The Hebrew for “than us” is mimmennu, which the rabbis point out can also mean “than He (i.e. God)” (Sotah 35a). The suggestion is that some things are too hard even for God.
This has wider implications in the field of theology. When we say that God is omnipotent, are we making a correct statement? Are there some things which defeat even God?
Harold Kushner’s “When Bad Things Happen to Good People” suggests that some of the defects of nature are beyond God’s control and all He can do is to join us in weeping over them.
Classical philosophers such as Abraham ibn David looked at another aspect of the problem of evil and argued that if we say that God is all-good, it is beyond Him to produce evil – yet the prophet Isaiah says it isn’t (Isa. 45:7).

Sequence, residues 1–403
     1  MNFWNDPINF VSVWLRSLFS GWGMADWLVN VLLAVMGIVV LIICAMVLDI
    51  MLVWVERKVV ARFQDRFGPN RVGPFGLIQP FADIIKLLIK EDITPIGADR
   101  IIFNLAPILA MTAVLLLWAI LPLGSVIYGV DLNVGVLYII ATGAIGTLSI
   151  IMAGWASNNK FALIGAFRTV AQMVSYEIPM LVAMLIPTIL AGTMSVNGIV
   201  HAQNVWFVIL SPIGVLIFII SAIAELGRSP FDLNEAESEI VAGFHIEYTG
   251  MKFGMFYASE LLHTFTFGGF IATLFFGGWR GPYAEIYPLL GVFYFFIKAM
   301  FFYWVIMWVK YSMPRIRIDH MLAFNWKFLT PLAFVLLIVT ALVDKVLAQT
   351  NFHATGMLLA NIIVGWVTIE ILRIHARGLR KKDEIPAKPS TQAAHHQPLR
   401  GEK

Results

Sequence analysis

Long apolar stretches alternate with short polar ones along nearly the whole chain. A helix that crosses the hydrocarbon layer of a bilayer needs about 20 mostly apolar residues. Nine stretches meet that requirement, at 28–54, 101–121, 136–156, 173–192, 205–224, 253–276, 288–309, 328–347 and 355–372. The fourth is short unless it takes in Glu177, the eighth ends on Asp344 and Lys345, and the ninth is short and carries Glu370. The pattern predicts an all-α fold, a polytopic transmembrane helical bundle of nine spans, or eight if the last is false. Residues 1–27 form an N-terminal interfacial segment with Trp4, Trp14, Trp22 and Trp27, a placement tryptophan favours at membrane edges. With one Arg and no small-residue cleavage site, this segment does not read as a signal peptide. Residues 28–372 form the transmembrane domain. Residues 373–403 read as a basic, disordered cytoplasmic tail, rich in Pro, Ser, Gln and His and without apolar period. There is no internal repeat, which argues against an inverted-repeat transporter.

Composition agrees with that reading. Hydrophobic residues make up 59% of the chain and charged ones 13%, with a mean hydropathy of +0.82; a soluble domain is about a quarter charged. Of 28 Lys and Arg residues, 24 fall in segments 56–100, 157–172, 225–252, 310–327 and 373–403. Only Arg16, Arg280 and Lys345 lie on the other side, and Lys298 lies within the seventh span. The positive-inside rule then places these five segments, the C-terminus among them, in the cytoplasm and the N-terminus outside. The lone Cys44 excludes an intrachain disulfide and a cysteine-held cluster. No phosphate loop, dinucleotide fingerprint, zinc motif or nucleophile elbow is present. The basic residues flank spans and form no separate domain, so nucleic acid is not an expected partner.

On this particular issue Maimonides says that what God does is not to create evil as such but to allow the absence of good (Guide to the Perplexed 3:12). Others have different answers.
On the general theme of God’s omnipotence, it appears that what we have to say is that since God has created and rules by logic, His omnipotence is qualified by the nature of logic. He cannot make a square circle, since that is logically impossible and to say otherwise is to talk nonsense.